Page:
If any animal is iconic of Yellowstone National Park, that would be the bison. These massive, shaggy animals are a throwback to the days of the "Wild West" when vast millions lived on the high plains. As the American nation grew and populations slowly moved westward, these herds were all but wiped out.
Today, bison largely are found only in Yellowstone, although there are some in the Henry Mountains of southern Utah, some in the National Bison Range in Montana, some on Antelope Island in the Great Salt Lake, and others in private ranches.
However, if a short-sighted effort by a cattlemen's group gains traction, the Yellowstone herd could be drastically reduced.
The plan, as outlined in the Casper Star-Tribune by Brodie Farquhar, comes in the form of a request to the U.S. Department of Agriculture to wipe out brucellosis in Yellowstone's bison herds. Ironically, brucellosis, a disease that can cause cattle to abort their unborn fetuses, was introduced to bison by....cattle a little more than a century ago.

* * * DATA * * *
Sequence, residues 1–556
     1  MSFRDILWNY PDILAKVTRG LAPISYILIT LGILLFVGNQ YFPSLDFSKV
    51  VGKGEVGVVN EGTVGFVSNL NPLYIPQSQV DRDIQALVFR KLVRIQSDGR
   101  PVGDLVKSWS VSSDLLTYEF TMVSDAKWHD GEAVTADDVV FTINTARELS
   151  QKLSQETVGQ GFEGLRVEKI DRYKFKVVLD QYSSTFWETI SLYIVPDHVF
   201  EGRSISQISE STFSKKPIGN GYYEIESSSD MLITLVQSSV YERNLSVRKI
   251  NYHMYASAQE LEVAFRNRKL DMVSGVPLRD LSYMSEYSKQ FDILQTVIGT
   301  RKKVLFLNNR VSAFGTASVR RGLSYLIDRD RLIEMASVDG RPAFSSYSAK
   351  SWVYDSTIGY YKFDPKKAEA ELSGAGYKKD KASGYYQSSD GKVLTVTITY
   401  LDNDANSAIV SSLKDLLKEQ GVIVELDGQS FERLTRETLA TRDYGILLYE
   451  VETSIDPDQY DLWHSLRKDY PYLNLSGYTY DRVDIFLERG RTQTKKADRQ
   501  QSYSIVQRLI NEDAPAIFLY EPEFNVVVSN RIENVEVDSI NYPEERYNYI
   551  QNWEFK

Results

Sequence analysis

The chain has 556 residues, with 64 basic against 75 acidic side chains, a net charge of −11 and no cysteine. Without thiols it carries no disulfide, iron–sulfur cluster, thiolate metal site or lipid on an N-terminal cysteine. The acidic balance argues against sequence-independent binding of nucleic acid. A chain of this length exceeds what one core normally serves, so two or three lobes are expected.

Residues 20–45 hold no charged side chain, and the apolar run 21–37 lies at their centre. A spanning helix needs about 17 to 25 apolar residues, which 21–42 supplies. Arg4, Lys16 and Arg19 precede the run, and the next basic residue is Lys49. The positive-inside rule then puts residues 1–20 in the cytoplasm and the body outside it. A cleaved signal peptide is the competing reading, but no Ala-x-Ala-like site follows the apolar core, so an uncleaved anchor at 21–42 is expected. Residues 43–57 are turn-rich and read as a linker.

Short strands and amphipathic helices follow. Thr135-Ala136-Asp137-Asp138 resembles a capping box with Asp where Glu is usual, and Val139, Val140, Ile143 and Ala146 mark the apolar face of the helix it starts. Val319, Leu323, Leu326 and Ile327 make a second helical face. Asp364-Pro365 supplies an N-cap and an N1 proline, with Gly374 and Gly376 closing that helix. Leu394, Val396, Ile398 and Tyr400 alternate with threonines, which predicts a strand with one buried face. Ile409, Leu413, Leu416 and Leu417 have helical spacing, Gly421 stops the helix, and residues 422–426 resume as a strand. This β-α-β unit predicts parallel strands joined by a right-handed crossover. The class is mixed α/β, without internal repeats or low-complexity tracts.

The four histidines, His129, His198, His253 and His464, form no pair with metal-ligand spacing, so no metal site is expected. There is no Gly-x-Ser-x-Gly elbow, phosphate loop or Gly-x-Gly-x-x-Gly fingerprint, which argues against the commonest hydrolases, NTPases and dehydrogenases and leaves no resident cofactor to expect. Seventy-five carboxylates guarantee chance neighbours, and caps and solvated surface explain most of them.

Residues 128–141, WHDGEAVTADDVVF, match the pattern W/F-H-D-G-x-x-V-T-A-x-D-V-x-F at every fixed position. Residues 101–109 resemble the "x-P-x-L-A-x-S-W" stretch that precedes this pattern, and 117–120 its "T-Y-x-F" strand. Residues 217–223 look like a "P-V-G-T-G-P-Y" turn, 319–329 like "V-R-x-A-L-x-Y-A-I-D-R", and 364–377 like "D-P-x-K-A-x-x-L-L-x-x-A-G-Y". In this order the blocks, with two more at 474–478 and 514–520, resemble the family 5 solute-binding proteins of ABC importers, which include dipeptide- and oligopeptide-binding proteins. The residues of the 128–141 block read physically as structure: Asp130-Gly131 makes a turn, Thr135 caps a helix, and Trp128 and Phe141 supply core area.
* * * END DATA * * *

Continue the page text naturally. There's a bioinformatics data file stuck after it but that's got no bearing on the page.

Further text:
The request to Ag Secretary Mike Johanns came from "R-CALF" -- the Ranchers-Cattlemen Action Legal Fund. Now, while the newspaper story doesn't say whether the request actually calls for destroying Yellowstone's bison herds, currently the only way to eradicate brucellosis from bison is to kill those that have the disease.
“What R-CALF is really calling for,” Amy McNamara of the Greater Yellowstone Coalition told Farquhar, “is the mass wasting of wildlife and the agricultural management of wildlife, rather than allowing wildlife agencies to do their job.”
Of course, one of the problems with R-CALF's request is that bison aren't the only animals that carry brucellosis. Elk that live in and around Yellowstone also have been known to carry, and transmit, the disease. Yet the cattlemen's group is not asking that brucellosis be wiped out from those elk herds.
That just might be because such a proposal would inflame hunters.